But Eddie doesn’t have a lot of choice anyway. Meyerist elders, the co-founders of the Movement are stopping by to visit with Cal and the gang, only by visit they mean ‘fuck with literally all day’. The eerily omnipotent Bill(Brian Stokes Mitchell) and Felicia (Adriane Lenox) are suspicious of Cal and recruit poor Eddie as their man on the inside, figure he and Cal working towards 7R will give Eddie valuable insight into Cal’s thinking which he can then report back to them. It doesn’t even come across like he’s being groomed for leadership. They just need his intel.
Sarah, meanwhile spends her week dealing with the Ridge family. Super rich patrons of Meyerism, they begged Cal for help in rehabbing their druggie son in exchange for a million dollars, and more importantly to Cal, legitimately endorsed visibility for the Movement. Freddie has made great progress and Freddie’s true believer mother wants them to do everything for her son to make him well.
His sceptical father pulls up short when he learns the active ingredient in basically all of Meyerism, and especially his son’s ongoing drug treatment is ayawaska, a spiritual medicine utilised by indigenous peoples of Amazonian Peru. Traditionally ayawaska is used to achieve spiritual revelations and personal insights, hence its popularity amongst our little gang, and curiously, most people who use the compound report overwhelmingly positive results. But in another of those brilliant strokes, we have only ever seen Eddie trip and he’s only ever had terrifying experiences. Context is everything.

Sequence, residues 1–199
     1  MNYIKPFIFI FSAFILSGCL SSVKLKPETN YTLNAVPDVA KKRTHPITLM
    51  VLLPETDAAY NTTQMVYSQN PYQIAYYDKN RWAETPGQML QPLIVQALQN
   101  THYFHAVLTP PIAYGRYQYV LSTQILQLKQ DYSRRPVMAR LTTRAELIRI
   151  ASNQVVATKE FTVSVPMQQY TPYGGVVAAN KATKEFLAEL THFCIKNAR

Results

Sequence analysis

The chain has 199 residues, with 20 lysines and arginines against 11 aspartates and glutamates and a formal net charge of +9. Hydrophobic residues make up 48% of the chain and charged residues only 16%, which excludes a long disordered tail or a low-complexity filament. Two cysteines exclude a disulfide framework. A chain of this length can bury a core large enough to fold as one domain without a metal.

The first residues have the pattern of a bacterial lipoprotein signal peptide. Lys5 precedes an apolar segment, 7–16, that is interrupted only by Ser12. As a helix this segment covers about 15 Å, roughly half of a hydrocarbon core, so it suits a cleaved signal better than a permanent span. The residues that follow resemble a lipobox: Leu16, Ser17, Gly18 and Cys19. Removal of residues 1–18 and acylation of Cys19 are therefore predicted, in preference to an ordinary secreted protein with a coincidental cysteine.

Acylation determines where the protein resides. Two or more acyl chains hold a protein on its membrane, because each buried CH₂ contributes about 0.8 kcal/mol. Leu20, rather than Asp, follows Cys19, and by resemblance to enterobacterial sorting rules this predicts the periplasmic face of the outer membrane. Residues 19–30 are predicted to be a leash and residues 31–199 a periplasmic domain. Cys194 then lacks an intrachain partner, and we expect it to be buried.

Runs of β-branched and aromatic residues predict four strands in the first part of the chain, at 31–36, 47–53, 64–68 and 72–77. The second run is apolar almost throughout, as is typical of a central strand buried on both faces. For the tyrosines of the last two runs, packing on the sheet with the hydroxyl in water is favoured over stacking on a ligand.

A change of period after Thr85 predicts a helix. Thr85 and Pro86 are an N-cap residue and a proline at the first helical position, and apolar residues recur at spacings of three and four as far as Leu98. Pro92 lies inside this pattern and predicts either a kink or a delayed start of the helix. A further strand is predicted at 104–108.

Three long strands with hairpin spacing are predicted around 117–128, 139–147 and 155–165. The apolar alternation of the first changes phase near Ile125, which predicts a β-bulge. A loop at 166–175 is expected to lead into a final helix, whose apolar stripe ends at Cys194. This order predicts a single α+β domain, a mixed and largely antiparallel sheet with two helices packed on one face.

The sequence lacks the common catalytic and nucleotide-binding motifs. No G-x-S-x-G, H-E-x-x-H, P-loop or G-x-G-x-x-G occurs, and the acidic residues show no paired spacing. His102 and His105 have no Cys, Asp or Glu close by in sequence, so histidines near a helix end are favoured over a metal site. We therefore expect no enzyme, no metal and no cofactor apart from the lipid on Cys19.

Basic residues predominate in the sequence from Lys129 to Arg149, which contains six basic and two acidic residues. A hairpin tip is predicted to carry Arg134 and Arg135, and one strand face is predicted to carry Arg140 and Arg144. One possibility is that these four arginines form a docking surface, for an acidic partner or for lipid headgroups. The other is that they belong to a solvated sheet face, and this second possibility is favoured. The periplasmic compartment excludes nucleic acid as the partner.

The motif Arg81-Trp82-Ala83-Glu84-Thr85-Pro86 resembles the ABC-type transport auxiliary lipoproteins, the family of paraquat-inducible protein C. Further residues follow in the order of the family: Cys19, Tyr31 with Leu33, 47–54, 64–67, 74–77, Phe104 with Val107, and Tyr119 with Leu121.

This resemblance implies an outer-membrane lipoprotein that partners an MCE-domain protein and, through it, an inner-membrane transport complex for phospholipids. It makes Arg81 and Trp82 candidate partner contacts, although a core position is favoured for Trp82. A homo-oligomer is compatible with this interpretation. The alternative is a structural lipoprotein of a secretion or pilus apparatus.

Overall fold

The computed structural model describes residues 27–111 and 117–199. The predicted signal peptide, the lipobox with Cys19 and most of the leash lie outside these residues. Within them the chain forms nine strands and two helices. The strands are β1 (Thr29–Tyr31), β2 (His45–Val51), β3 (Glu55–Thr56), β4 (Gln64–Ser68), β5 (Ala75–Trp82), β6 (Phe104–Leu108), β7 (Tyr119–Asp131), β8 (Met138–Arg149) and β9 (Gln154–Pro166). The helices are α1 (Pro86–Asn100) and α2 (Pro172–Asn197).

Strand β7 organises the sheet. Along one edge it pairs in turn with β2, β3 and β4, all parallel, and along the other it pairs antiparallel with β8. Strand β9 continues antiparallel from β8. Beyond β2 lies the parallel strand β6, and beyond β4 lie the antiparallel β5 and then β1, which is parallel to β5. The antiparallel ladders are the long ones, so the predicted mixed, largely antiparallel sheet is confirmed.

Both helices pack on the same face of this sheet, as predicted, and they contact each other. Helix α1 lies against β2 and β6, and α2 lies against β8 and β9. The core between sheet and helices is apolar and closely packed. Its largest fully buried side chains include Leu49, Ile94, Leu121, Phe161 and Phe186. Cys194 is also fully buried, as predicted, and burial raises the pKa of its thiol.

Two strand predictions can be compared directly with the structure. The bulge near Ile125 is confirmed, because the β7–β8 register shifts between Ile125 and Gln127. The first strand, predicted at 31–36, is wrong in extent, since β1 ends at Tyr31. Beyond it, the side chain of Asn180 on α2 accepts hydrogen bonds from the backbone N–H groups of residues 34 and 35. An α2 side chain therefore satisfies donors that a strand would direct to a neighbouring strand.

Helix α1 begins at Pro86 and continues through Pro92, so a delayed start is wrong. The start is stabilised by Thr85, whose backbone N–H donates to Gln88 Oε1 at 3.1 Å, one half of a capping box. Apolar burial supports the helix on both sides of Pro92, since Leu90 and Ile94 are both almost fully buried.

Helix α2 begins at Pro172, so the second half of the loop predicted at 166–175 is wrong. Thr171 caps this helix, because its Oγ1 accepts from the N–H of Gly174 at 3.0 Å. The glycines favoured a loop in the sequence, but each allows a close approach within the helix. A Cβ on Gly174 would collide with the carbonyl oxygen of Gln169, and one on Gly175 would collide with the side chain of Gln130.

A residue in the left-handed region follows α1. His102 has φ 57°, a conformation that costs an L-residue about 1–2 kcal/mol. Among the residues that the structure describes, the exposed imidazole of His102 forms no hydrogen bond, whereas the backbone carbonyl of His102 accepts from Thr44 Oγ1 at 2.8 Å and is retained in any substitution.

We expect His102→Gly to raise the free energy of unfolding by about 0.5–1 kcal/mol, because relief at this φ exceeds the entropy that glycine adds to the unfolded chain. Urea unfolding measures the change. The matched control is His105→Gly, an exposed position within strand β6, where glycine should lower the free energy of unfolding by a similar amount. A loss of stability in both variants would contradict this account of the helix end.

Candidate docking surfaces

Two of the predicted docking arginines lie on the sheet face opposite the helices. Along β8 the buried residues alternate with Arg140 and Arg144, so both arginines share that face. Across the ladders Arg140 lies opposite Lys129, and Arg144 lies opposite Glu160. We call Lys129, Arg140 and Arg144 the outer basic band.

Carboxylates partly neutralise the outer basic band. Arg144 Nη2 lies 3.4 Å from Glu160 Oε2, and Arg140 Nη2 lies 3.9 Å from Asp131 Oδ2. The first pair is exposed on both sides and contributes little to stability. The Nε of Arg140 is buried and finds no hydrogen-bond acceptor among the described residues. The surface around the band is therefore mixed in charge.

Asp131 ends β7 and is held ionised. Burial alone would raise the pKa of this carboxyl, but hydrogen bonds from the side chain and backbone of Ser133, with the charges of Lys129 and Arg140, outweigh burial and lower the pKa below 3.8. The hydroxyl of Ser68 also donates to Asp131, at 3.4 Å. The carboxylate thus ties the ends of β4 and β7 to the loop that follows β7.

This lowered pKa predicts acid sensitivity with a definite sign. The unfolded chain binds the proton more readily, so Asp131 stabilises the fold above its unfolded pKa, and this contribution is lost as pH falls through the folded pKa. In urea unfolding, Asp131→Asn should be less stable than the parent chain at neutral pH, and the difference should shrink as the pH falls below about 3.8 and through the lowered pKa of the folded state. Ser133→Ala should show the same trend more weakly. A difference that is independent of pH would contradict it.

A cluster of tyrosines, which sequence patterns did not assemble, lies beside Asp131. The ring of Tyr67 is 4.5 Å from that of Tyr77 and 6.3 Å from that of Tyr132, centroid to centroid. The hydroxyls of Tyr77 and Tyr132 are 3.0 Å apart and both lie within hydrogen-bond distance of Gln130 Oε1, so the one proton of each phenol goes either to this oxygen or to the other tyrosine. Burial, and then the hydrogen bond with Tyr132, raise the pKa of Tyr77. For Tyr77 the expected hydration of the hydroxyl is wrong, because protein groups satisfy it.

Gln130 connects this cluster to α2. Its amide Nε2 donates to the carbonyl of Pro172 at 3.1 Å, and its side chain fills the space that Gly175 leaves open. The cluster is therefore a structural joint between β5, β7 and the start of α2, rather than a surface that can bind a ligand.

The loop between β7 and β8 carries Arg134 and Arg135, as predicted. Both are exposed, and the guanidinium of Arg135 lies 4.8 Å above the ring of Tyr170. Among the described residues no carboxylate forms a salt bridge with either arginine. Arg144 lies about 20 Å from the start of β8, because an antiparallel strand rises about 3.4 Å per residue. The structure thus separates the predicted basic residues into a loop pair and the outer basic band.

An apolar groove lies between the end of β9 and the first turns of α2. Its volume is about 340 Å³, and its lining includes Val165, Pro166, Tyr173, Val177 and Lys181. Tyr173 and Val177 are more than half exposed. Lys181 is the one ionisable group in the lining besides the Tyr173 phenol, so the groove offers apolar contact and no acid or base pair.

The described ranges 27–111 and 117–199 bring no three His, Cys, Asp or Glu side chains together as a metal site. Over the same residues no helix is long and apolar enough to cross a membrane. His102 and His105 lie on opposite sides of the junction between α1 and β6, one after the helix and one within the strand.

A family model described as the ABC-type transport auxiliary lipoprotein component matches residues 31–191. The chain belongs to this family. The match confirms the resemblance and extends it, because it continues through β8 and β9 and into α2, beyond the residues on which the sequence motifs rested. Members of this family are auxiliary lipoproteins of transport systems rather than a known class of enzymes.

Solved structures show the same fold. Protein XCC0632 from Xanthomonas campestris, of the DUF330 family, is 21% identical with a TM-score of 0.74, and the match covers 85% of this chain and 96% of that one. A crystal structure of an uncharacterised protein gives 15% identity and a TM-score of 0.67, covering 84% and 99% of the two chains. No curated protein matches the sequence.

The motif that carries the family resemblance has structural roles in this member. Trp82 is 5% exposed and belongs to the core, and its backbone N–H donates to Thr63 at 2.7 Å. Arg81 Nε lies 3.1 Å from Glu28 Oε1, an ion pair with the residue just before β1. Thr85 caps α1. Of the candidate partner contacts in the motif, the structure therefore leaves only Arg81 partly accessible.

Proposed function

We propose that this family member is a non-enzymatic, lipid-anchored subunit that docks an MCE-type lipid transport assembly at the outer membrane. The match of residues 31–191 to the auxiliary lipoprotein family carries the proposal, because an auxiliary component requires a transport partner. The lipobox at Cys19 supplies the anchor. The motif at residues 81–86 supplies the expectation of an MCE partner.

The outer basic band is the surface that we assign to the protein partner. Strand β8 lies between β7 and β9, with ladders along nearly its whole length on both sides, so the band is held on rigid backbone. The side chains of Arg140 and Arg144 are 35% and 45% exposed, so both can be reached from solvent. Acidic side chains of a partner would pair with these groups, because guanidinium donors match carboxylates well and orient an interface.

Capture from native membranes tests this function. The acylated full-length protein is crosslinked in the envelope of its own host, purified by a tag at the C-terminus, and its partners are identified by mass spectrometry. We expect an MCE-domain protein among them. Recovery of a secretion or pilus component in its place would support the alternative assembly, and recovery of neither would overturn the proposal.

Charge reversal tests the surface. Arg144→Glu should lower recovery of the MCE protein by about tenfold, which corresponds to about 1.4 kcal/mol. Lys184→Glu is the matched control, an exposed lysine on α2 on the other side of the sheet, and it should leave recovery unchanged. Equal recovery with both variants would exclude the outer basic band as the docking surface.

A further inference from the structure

Mr Ridge, smart man that he is, hauls his son out of the compound and chews out Cal over Sarah’s suggestion. Cal stuns her by agreeing with Ridge and ordering her not to use the compound on the son, despite it being a cornerstone of their entire Movement. The unspoken suggestion here is that Meyer was using ayawaska when he had his ‘visions’ and conceived Meyerism. Its importance to what they do isn’t traditional, it’s vital. Give someone enough powerful drugs and convince them you’re close, personal friends with God, and they’ll follow you anywhere.
Sarah has more of those moments this week, where her iron clad belief in the Movement is challenged by those around her and she’s shaken by it. She opens the episode utterly baffled as to why Miranda wont Unburden, she’s later visibly distressed by the Ridge family refusal, by Cal’s planned changes to the Movement. Her relief is palpable when Mrs Ridge calls a day after the family storms off the compound and begs for help. She goes against Cal’s direct order to help the woman, but earlier in the episode we learn Bill and Felicia consider Sarah too close to Cal to be a useful plant. What these people don’t know about each other in their world of absolute truth could fill a book.